The Newlywed Life: Learning to Compromise

The key to a happy marriage? It's all about give-and-take.
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The Newlywed Life: Learning to CompromiseBut how? When I think about my home-owning friends, from the outside everything looks perfect – they have fabulous homes and fabulous lives and everything looks so easy. Upon closer inspection, however, I discovered that things aren’t always what they seem; compromise is what got them here. Aiden and Jacqui couldn’t find a place they wanted in their price range. They knew they wanted to start a family right away and they wanted a place they could stay in for a while, so they stretched their budget for their big purchase. Husband and I want to have the comfort of not spending all our cash on housing, so we decided not to go that route. Edward and Robin went in the opposite direction – they bought smaller and cheaper, and now, a short time post-purchase, have grown out of their digs – another undesirable outcome in our book.

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Meanwhile, back at our place (which was actually my old apartment, from my single days) things had reached an impasse. There was only one thing we seemed to agree on: we weren’t moving forward. I blamed his laissez-faire attitude and he blamed my over-involvement, and it was literally becoming a kind of relationship cancer. We finally had a major blow-out and didn’t talk to each other for about seven hours.

It was at this point that we both began to realize just how silly – and unproductive – this was. We made a truce, then sat down and asked each other why we wanted to move so badly – and the answers weren’t all that surprising. His parents and mine value investments in real estate, and we both grew up thinking renting (even on vacation) was wasteful. Clearly, the fact that we both want a sound investment was shading our thinking and goals. The next three items on our “most important” list: closet space, light and a place that can be our own little ‘love nest.’ How did we suddenly get here, after months of running in place? He compromised by letting my drive the van, no questions asked. And I compromised by selecting just three needs to zero in on and not over-thinking them.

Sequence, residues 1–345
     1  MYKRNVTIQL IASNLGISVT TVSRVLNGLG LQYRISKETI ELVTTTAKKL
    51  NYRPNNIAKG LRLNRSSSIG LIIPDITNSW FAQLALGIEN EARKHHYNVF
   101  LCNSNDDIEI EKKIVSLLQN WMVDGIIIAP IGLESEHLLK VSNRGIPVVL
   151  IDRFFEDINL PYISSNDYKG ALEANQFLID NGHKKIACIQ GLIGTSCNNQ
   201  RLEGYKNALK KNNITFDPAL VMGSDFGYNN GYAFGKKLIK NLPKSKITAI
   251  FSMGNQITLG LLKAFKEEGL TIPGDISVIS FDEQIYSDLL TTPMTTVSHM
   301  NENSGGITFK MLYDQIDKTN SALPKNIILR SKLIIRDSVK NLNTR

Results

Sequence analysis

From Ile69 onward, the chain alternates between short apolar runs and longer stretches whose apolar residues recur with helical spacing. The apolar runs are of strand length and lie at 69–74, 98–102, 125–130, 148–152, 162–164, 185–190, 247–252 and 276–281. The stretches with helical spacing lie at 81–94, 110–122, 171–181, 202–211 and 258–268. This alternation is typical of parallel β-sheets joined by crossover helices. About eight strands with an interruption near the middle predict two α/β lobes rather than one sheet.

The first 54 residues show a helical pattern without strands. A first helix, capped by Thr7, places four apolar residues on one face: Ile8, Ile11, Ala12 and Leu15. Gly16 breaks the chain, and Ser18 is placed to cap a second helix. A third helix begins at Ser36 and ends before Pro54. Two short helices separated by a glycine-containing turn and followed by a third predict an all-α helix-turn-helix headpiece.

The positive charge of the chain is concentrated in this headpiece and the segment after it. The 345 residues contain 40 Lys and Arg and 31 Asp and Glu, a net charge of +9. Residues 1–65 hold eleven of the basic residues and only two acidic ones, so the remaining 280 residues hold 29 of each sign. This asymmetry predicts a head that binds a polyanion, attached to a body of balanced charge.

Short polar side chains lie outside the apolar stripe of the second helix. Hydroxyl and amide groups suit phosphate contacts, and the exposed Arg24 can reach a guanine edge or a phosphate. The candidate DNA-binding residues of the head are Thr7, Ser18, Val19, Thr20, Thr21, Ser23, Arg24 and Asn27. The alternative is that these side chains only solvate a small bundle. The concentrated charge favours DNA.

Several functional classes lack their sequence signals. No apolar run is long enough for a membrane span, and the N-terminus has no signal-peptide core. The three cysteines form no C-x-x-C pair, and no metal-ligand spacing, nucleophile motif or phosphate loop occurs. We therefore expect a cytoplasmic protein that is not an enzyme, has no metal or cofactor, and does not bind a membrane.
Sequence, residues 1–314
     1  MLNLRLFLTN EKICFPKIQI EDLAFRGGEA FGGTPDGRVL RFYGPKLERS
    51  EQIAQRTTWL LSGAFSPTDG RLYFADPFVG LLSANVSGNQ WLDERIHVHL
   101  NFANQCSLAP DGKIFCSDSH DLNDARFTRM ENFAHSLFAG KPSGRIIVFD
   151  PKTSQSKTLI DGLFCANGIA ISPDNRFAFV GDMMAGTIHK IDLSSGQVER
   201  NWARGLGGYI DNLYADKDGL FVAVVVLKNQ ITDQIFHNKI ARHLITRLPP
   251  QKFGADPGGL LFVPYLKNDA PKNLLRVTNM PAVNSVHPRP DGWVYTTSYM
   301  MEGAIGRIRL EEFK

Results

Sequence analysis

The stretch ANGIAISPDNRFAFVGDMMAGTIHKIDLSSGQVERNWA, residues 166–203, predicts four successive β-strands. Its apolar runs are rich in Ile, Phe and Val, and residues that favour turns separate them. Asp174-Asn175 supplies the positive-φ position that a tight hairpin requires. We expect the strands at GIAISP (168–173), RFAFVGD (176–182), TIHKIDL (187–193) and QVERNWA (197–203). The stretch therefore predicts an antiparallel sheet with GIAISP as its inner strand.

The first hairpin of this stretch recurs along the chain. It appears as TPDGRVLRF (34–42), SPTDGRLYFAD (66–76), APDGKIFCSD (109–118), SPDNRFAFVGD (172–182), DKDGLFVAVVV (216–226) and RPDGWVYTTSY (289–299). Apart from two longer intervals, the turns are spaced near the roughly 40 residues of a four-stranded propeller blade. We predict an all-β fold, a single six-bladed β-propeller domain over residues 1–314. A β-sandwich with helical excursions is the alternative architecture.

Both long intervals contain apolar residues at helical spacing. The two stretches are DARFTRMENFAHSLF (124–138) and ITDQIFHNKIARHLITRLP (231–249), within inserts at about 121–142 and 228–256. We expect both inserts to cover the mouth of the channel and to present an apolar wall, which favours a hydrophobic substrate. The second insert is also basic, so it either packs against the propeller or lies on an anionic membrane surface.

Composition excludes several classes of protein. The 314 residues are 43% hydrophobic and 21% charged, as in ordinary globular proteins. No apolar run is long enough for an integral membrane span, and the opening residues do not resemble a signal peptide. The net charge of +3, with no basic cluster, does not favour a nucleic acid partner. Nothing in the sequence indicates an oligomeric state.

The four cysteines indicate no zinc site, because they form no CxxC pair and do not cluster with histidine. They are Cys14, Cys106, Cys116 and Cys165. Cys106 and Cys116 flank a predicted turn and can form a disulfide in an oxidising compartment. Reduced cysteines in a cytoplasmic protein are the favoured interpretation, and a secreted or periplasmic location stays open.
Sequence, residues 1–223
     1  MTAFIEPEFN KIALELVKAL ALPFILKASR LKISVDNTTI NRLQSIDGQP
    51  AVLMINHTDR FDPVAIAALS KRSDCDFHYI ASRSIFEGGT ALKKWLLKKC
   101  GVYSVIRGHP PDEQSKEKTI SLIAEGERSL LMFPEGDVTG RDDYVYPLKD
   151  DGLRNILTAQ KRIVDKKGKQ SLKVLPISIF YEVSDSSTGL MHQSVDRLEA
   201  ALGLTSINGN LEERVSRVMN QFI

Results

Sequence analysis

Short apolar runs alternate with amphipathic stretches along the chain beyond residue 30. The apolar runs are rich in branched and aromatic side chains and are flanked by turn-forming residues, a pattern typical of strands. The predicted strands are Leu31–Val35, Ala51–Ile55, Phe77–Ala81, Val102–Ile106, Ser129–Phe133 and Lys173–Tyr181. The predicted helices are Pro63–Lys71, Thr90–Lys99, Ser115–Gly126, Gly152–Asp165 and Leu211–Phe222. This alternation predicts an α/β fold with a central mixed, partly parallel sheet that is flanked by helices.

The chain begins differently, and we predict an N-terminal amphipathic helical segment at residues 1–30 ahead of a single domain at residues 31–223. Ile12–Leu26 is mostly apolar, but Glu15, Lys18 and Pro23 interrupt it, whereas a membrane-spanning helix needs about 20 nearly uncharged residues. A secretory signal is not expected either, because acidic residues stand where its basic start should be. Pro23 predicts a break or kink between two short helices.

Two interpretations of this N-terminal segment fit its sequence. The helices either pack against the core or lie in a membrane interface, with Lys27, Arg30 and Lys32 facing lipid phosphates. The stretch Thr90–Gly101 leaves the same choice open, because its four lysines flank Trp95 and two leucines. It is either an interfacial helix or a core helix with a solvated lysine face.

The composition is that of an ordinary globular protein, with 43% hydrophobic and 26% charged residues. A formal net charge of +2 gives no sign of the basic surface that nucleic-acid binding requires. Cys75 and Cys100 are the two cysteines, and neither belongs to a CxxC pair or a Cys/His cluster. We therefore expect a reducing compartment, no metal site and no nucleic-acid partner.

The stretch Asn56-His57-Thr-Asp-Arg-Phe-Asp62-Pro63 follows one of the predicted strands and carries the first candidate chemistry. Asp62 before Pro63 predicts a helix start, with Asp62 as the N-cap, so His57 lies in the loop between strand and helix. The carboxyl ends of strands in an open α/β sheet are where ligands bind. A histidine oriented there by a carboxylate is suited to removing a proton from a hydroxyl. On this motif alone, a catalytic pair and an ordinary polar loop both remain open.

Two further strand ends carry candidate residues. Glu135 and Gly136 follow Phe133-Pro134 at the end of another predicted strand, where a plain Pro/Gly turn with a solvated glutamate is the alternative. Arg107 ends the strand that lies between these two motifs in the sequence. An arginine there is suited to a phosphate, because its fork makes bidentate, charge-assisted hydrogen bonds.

Last week we signed a lease on a brand-new, cozy rental apartment with sweeping Manhattan views and great storage. We’ll continue to look for a place to purchase, but the search doesn’t seem quite as life-or-death as it once was – especially since I’ve now got a washer and dryer in my new home!

Tell Us: How do you make compromises in your relationship?

Jenna Mahoney is an editor and writer based in Brooklyn.


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0 thoughts on “The Newlywed Life: Learning to Compromise

  1. jessica03 says:

    Being a newlywed is certainly a challenge. Like this article said, ‘take Darwin and adapt”. So true! I know many newlyweds who constantly fights during their first year of marriage. It’s all about compromise and trust!

  2. citymouse says:

    Life is all about adapting! –whether you’re married or not!

  3. roxbury says:

    The first year is hard—and it doesn’t get easier!!!

  4. babygirl1 says:

    i’m 17 and engaged to my 16 going on 17 boyfriend and we both love eachother and we are not going tp fast and we both have know eachother for 2 years scence elementry school but yes marraage is not easy and it’s going to get hard and life risks & trust me it’s not easy at all …

  5. dehoyos_gladys says:

    MY HUSB@ND @ND I C@N’T aGr33 ON @NYTHING HE’S SO STUBBORN!! w3 DON’T KNOW HOW TO @GR33 ON @NYTHING & IT’S B@RELY THE fIRST MONTH t3LL ME iS It 3vER GoING TO g3T B3Tt3R? w3 D@T3D fOR 4 YEARS & IT W@S GOING GR3@T TH3N W3 MOV3D IN TOG3TH3R & W3′V3 B33N @RGUING 3V3R SINC3!

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